Adding icing on the cake, James and Davis, the first Lakers teammates to score 30 or more points in a Finals appearance since Shaq (Shaquille O’Neal and Kobe Bryant) did it back in 2002, are now collectively being compared to the two NBA titans.
“Those two guys are obviously special. They are a duo that’s special together,” Davis said in reference to O’Neal and Bryant. “They are the best duo we’ve seen. Multiple championships. They both were so dominant. I know they had a little sit-down and they were talking about they were arguing because they both wanted to be so dominant, they both wanted to be great and they both wanted to win, and that’s why they jelled together outside of everything else that you might have heard that they were going through. But you know, those two guys were selfless. They both had a competitive spirit with themselves to will their teams to win. I think me and Bron are the same way.”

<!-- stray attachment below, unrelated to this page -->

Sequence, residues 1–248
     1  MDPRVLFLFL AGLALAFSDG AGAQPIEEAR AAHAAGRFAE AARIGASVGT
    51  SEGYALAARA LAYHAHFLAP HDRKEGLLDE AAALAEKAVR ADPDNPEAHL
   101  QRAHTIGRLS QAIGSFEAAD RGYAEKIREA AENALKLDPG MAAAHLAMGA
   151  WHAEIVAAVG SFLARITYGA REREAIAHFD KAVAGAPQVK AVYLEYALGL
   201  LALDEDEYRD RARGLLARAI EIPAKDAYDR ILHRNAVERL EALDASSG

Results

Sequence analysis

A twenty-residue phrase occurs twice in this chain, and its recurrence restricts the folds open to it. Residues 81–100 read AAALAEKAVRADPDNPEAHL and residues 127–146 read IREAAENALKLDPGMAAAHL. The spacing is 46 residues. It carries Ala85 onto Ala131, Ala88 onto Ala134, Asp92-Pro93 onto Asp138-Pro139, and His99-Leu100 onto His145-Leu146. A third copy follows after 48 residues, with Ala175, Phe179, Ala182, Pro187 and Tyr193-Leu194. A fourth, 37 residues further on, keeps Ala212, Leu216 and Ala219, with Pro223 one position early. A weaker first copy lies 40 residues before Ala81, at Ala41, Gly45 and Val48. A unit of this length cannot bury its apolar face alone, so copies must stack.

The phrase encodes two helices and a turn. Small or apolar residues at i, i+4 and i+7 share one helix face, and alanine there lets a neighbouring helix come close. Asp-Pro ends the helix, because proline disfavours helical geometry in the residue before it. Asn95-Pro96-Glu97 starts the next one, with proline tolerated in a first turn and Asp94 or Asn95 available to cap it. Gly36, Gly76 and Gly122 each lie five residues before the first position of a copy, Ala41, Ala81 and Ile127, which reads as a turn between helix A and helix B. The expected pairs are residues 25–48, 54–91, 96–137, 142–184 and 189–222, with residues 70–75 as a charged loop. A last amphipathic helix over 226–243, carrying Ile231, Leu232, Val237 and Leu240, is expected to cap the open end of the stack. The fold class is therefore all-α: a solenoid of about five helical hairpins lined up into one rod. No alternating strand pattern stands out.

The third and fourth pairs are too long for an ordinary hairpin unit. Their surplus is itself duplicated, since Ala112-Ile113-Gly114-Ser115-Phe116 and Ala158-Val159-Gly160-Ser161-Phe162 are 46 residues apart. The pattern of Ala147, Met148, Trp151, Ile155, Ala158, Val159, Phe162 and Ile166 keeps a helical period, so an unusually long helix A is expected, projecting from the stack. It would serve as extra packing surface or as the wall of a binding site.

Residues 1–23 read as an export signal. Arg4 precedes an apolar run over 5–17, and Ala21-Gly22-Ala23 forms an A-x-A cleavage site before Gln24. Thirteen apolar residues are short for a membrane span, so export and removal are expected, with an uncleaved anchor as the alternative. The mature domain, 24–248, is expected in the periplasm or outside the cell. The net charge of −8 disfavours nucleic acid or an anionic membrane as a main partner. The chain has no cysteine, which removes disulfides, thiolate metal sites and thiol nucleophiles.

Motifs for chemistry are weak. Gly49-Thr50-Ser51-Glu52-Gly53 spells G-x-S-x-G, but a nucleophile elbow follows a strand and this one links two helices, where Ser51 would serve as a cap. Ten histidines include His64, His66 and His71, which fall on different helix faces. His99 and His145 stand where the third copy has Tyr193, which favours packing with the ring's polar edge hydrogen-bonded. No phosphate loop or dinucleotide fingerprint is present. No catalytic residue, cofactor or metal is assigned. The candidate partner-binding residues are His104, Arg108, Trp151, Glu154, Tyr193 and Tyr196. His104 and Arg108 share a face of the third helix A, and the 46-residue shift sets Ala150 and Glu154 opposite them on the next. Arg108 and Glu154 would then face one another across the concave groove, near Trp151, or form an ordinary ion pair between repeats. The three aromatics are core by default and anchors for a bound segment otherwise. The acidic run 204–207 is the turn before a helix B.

The beauty of the team makeup of the Lakers is that they can beat you in a variety of ways. As the Heat has discovered like the rest of the league, James and Davis are the head of this snake.
— NBA on Campus (@nbaoncampus) October 3, 2020
“For us the game kind of dictates itself at times,” said James. “We have to win in different ways. We’re very good at the fast break game. We understand that. But when we make our mark on the defensive end, when we’re getting deflections, we’re getting blocked shots, we’re
contesting shots either at the rim or at the perimeter or mid-range, things of that nature, which creates early offense for us, it doesn’t always show up in the box score, but when we’re active defensively, we’re an extremely good team.”
“Every game is going to be its own challenge, and we understand that. You have to win games in different fashions. Sometimes even outside your own box. But I think the great teams learn that throughout the course of a run, throughout the course of a season, and that’s what puts them in a position to compete for a championship, which we are today.”